Getting Through the First Three Months Soon, we’ll be on our way to the US! I keep in touch regularly with my mother with Skype and FaceTime, but actually being able physically introduce baby to her- it’s exciting! Here’s a look back at the first three months with baby. This post is mainly for myself, to let me know how far I’ve come, because there were times when I just wanted to run away. I’m not exaggerating, either.
Month 3 with Baby – Finally I Can Smile After all I’ve experienced with baby, I really felt a return to normalcy in April. My mother-in-law even during a phone call commented on how cheery my voice was. I didn’t take her comment lightly. I appreciated that she recognized my struggle and helped me in my first month by coming to Tokyo. Of course, everything isn’t perfect, but I am definitely starting to feel like myself, more than before.
O-kuizome – An Elaborate Feast for Baby We recently celebrated o-kuizome (お食い初め), baby’s first meal. It is done in hopes that a baby will have no difficulty in procuring food in his/her lifetime. Back in the day, extended relatives and family friends were invited to attend a baby’s o-kuizome. In recent days, it’s done just with parents and grandparents. Some modern families now even conduct o-kuizome as an event just for parents and baby.
This master post features all major ceremonial milestones for pregnant women and babies in Japan. A majority of these milestones have Shinto roots and are an important part of Japanese culture. The most recent event is listed first.
Month 2 with Baby – I Think I Know What I’m Doing Baby now weighs 5.2kg and is 55.9cm! It’s surreal that all she drinks is breast milk and still she’s grown so much! Two months in, our daily routine has become stabilized, so much that I don’t need to rely on a clock at times. I always know when it’s 9:30am or 4:30pm because that’s when we go for our walks, and that’s exactly when she becomes fussy.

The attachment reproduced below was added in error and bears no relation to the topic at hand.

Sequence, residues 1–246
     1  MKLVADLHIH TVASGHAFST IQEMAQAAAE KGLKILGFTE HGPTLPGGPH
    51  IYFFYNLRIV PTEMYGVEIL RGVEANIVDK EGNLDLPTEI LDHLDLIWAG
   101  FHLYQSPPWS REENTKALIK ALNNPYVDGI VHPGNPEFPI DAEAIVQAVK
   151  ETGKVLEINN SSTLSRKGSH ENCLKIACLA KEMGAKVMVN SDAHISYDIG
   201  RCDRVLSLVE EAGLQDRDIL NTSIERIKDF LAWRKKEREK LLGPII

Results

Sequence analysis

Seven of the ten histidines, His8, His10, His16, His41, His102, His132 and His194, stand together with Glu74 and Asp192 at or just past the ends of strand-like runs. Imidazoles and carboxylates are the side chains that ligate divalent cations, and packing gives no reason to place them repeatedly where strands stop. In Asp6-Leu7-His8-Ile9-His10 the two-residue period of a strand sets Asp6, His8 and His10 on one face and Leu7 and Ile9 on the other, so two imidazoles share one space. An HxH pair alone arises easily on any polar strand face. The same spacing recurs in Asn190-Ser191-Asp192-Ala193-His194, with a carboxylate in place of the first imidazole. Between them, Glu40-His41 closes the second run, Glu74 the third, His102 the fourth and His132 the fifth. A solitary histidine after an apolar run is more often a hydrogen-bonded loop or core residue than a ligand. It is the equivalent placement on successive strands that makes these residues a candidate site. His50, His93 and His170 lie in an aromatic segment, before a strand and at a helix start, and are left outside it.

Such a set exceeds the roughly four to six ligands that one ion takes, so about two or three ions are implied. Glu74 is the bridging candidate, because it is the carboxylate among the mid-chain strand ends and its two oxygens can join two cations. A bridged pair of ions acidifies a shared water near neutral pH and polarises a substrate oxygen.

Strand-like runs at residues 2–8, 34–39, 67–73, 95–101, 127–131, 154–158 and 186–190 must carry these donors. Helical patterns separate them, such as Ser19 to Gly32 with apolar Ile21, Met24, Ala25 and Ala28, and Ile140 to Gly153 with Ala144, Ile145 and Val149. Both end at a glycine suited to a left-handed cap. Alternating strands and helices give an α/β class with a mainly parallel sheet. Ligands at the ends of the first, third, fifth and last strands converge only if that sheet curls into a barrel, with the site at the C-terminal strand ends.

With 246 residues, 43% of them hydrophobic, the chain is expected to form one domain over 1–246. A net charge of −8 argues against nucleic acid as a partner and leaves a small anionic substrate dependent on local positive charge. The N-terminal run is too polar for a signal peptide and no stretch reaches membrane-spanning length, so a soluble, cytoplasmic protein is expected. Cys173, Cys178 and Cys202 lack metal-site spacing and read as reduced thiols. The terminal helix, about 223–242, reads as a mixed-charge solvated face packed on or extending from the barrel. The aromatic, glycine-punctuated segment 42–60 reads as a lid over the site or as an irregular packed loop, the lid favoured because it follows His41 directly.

O-miya mairi (お宮参り) is a performed at a shrine to give thanks for a baby’s first month of life. Depending on the region, a baby will have his or her first shrine visit at around 31 days old (31 days old for boys, 32 days old for girls). However, it is perfectly fine to delay or even celebrate this milestone a few days earlier. After all, you have to consider mom’s condition, the baby’s health, and the weather.
O-Shichiya & Meimei-shiki – Japanese Baby Naming Tradition Japanese law mandates that parents submmit a Register of Birth (出生届, shussei todoke) by the time a baby is 14 days old. Parents are busy trying to decide a name as well as its kanji (Chinese characters), Before the Register of Birth is submitted and a baby’s name formally registered at a municipal office, it is tradition in Japan to have a naming ceremony, meimei-shiki, (命名式) during o-shichiya (お七夜), a baby’s 7th night of life.
Month 1 with Baby – This is Only the Beginning Baby is finally one month old! I (somehow) survived the first month with her! Though I survived, it was a truthfully stressful February. I know there’s this mother/daughter-in-law don’t get along thing (嫁姑問題 yome-shutome mondai), but I get along fine with mine. She even came to Tokyo for one month to help with chores and to do cooking. But even then, with the extra hands, I was always irritated. Like, I’d go into the cabinet for a cup or something, and everything would be in a different place. Anything my husband said or did just put me over the edge. “Did I […]
Winter Walk With Baby – Slowly Regaining My Sanity My mother-in-law came down to Tokyo a week before my due date to help around the house. She’s not a big fan of dogs, and my husband has an irregular work schedule, so I knew I was still going to have continue to walk Kokuto. But what to do about baby?